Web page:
Mercury air surface exchange flux: A field study in the Bay Saint-Francois wetlands, Quebec, Canada.
Date of Award
Civil and Environmental Engineering
CC BY-NC-ND 4.0
Mercury (Hg) is a highly mobile environmental pollutant that is toxic to both human and wildlife at extremely low concentration. Aquatic ecosystem and especially wetlands are important environments for Hg biochemical transformation and cycling. An intensive two-part field study was conducted in the Bay Saint-Francois (BSF) wetlands (Quebec, Canada) from May to September 2003. The first part of the study was about atmospheric Hg exchange fluxes with water, soil and vegetation on water. Mercury air-surface exchanges with these compartments were measured using a dynamic flux chamber coupled with a Tekran RTM analyzer. Mercury flux measured over these components exhibits a consistently diurnal pattern with maximum evasion occurring during daytime and minimum fluxes at night. Daytime Hg flux is several times higher than the flux during nighttime. Measured mean Hg fluxes over soil is 1.29 ng/m 2/h, which has the highest flux rate compared with the air surface exchange with water (mean flux = 0.32 ng/m2/h) and with vegetation on water (mean flux = 0.68∼1.24 ng/m2/h at 4 sampling locations). (Abstract shortened by UMI.) Source: Masters Abstracts International, Volume: 43-01, page: 0181. Adviser: Xiaohong Xu. Thesis (M.A.Sc.)--University of Windsor (Canada), 2004.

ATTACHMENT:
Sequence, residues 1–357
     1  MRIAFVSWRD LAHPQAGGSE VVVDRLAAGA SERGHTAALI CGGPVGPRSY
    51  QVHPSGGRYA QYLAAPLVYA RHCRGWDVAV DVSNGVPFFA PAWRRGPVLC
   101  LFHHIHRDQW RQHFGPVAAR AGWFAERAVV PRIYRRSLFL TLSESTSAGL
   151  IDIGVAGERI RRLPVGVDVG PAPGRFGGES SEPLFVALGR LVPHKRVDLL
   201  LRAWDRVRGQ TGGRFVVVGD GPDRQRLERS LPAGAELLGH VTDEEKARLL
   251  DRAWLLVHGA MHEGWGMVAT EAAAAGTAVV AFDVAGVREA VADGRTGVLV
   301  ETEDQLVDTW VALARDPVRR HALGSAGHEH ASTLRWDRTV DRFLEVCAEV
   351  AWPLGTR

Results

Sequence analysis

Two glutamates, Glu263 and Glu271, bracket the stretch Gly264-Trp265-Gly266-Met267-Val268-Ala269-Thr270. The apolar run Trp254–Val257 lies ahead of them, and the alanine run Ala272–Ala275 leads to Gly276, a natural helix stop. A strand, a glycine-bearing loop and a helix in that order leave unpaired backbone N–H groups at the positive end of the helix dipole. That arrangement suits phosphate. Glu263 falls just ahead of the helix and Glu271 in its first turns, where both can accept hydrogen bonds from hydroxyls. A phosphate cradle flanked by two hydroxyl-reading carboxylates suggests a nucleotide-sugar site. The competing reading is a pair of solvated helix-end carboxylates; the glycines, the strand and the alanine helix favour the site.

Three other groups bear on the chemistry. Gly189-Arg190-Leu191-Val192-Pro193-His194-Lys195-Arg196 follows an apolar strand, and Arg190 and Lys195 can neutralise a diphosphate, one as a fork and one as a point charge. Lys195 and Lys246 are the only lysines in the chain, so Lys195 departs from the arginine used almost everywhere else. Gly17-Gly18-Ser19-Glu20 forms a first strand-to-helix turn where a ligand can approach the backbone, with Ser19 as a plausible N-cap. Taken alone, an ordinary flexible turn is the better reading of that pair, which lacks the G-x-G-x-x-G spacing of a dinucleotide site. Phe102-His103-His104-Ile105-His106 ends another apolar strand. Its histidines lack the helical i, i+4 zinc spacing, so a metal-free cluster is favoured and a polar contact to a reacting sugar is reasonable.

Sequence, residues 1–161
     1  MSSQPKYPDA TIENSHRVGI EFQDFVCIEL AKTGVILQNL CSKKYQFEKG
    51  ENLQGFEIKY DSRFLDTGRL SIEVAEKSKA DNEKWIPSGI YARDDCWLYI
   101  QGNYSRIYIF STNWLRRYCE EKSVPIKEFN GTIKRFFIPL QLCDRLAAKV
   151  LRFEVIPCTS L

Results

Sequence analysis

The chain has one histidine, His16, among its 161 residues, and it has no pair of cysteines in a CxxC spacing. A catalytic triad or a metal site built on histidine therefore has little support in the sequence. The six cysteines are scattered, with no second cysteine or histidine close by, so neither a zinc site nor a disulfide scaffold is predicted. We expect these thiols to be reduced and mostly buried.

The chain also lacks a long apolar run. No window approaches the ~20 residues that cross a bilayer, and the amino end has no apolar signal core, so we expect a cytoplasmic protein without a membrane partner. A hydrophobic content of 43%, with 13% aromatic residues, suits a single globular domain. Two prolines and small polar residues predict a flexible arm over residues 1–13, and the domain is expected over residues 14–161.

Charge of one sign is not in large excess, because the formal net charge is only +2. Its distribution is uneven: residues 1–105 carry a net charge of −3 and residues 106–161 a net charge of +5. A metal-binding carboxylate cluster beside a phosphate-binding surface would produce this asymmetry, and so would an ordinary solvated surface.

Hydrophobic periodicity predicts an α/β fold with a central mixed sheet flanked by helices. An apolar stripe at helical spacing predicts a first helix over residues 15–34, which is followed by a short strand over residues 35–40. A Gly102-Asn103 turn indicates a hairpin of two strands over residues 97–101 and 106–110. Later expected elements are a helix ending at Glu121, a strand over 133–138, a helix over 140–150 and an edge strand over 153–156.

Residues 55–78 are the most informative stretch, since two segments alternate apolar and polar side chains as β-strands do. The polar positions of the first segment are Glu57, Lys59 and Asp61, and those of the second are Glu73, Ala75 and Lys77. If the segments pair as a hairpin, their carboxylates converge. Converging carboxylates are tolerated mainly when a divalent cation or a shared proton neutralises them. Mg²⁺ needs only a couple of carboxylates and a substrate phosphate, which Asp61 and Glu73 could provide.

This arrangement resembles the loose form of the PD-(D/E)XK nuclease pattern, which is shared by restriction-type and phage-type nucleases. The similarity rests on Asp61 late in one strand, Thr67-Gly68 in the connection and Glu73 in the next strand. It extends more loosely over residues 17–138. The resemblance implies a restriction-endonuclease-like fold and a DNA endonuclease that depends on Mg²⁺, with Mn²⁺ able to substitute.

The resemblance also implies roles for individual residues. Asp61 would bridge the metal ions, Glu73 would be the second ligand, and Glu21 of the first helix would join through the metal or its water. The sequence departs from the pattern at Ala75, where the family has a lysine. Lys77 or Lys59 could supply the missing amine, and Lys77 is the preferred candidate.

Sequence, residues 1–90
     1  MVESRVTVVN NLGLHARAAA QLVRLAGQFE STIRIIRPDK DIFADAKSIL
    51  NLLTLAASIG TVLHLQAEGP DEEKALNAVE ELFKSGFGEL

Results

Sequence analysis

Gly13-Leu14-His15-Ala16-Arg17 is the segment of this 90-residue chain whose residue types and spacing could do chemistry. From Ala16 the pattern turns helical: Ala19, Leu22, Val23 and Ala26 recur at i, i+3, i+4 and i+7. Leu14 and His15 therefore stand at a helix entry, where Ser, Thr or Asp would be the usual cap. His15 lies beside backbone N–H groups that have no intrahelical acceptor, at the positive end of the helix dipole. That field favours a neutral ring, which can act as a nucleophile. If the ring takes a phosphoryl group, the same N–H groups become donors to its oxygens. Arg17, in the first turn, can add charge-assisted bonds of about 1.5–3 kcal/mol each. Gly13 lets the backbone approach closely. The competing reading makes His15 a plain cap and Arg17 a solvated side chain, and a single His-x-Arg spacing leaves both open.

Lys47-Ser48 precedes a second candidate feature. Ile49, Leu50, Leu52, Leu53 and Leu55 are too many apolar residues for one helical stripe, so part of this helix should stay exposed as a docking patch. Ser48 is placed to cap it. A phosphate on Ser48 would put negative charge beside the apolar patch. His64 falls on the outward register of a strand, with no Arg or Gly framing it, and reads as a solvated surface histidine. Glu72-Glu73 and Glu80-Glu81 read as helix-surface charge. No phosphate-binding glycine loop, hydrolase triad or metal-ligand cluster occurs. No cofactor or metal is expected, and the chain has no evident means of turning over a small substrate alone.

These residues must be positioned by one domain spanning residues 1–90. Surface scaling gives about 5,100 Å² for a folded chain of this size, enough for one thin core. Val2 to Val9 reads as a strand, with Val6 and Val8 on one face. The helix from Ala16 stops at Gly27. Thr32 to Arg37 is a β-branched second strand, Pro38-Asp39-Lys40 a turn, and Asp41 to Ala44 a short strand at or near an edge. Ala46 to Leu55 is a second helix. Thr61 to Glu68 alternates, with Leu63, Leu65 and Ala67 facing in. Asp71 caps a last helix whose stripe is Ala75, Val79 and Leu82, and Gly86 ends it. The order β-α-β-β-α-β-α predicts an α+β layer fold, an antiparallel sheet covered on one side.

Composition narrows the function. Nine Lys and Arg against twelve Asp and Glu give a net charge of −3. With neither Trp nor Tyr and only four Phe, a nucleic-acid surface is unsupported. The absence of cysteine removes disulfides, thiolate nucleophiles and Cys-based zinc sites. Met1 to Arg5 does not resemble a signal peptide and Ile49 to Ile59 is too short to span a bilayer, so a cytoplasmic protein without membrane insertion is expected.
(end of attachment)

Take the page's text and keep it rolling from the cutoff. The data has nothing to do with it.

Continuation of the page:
Zhang, Hong., "Mercury air surface exchange flux: A field study in the Bay Saint-Francois wetlands, Quebec, Canada." (2004). Electronic Theses and Dissertations. 2704.